Q. Ok, enough of you and your job, time to get personal, the belief out there, is that gender activists are social failures especially where marriage is concerned, how are you managing?

(Silence, then shakes her head) That’s a very sad and unfortunate stereotype, I know most people think so but it’s just a perception, a wrong one for that matter.

Marriage is all about love and mutual respect. I have three beautiful girls Sebaga 11, Tuduetso,7 and Phatsimo 4.

Q. But how are you striking a balance between your career and life seeing that you travel a lot?

I have a very loving and supportive husband, a very strong support system around me including my family. When I am home, I invest quality time with my loved ones.

We eat, laugh and play together. Of course I wish I could spend more time with them but I guess everything happens for a reason, you win some, you lose some, you can’t have it all.

Q. You seem to work hard and sure you play hard, how do you spend your free time?

Free time is hard to come by but the little that I get is spent with my babies and my husband. We often plan to do something we can all enjoy, whether it is going to the movies,  playing golf, or just staying home.

I also enjoy hosting our extended families as often as I can. It’s always a good excuse to see them, and for me family is key.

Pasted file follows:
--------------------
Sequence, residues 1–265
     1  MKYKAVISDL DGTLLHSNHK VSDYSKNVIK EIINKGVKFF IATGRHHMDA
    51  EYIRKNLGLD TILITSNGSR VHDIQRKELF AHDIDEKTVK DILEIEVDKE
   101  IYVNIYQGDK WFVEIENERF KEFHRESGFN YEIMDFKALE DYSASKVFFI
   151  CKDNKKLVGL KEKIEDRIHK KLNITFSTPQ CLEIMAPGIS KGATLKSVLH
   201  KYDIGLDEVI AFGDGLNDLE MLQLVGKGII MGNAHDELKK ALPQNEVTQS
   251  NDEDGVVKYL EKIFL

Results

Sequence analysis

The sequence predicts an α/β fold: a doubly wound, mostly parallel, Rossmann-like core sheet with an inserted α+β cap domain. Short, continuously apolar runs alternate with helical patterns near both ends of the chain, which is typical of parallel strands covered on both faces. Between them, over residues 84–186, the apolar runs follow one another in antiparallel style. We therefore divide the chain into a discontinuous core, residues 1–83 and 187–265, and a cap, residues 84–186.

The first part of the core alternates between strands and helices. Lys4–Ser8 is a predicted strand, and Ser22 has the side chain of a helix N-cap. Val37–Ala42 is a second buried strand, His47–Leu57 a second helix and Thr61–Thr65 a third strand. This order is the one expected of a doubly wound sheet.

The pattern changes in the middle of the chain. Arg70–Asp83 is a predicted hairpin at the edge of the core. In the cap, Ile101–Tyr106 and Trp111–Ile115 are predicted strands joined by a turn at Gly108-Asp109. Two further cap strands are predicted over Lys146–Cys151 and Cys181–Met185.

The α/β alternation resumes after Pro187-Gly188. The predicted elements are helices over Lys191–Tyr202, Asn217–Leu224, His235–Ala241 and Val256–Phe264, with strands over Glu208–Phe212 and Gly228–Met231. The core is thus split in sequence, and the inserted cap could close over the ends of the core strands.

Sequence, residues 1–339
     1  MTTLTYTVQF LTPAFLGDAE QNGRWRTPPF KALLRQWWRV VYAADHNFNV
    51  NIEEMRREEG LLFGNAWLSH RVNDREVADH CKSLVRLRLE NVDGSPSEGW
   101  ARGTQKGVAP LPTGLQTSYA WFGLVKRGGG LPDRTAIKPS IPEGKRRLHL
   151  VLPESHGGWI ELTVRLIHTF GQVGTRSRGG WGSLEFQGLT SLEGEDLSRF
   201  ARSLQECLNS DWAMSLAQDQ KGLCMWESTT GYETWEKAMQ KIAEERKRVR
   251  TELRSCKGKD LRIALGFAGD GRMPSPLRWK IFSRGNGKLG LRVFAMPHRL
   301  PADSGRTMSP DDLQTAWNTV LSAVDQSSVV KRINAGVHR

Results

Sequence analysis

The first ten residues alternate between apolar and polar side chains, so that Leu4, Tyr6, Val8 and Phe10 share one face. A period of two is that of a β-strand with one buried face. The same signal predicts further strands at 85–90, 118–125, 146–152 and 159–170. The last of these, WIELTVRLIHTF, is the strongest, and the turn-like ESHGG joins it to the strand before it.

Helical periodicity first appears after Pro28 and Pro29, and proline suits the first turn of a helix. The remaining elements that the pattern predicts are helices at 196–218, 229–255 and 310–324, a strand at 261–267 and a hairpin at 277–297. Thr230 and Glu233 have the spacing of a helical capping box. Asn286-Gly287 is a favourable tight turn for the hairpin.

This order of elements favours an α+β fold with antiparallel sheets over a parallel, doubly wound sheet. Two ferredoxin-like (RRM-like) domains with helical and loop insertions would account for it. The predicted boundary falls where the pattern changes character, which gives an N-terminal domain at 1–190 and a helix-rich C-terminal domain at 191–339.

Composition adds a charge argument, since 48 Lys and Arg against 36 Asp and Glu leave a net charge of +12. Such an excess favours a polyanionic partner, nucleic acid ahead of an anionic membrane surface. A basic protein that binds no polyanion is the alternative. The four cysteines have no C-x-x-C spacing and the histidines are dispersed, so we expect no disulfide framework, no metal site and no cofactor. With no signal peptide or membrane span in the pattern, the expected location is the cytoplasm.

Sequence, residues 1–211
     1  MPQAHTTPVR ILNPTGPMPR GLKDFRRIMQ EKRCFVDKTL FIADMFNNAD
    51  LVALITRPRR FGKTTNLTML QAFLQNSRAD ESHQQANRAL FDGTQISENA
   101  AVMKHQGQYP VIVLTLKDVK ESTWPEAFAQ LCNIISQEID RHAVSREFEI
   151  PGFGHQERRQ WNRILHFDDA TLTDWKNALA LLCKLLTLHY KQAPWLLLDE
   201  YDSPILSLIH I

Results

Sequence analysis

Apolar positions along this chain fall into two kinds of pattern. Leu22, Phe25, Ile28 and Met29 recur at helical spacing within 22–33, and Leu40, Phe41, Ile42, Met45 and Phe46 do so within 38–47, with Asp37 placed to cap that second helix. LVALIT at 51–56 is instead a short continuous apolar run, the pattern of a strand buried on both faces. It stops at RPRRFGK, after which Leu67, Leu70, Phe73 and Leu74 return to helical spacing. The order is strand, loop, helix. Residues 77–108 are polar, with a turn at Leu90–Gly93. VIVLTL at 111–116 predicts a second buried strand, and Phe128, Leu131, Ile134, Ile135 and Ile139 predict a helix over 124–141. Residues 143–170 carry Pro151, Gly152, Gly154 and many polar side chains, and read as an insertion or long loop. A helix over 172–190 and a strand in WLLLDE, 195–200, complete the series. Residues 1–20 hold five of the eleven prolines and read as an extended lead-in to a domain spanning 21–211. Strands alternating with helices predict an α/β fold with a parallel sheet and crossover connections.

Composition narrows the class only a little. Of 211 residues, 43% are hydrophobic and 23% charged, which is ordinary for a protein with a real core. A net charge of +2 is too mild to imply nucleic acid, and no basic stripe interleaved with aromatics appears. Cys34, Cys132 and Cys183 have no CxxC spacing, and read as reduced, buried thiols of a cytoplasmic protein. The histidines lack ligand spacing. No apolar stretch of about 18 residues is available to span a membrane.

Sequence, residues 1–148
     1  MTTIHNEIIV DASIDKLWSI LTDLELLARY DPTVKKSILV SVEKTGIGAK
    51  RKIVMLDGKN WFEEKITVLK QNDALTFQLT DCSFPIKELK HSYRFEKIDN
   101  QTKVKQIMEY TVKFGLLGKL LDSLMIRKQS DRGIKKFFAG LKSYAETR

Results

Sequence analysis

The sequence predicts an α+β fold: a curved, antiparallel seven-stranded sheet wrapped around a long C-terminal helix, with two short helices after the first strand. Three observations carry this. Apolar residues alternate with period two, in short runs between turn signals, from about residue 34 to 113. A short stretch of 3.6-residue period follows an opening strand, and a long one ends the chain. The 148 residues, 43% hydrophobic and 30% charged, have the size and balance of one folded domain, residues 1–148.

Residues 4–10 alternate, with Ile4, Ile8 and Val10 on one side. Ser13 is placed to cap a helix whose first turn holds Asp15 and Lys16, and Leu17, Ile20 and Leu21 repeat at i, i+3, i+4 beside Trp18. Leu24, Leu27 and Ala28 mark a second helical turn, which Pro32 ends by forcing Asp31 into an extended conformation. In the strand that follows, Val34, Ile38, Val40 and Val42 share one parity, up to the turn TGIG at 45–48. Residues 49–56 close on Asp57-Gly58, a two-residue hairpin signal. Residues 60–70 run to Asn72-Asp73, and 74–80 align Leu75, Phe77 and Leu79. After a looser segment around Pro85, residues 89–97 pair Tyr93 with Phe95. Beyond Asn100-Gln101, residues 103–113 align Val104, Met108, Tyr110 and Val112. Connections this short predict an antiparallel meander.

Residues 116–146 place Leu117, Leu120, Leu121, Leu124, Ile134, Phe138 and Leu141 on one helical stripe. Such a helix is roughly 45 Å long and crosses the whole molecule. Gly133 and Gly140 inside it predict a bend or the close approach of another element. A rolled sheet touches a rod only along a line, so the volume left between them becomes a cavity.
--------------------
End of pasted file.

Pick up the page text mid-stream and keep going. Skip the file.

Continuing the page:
I enjoy the company of my dear friends too.

I also recharge my energy by going to church and worshipping.

Q. Festive season is upon us, any plans yet.

We have no major plans to travel this Christmas. I hope we will go up north to visit family and we hope to explore and tour Botswana around the Limpopo before festive season ends.

Q. Lastly, what is your dream?

I aspire to expand the horizon of my career beyond the SADC boarders and work internationally in future.

I also intend to get involved in business by exploring traditionally male dominated areas such as mining and construction.

 Fact file

Full names: Magdeline Nametso Mathiba Madibela
Born in :
Lobatse ,Athlone Hospital
Home village:
Mmathethe  and married at Mokobeng
: 42
Car Driving:
Favourite food:
Green salad with boneless meat
Favourite drink(s):
Tea and Water
Shopping for shoes and bags
Your attitude determines your altitude
Role model:
Her mother
Corruption and  nepotism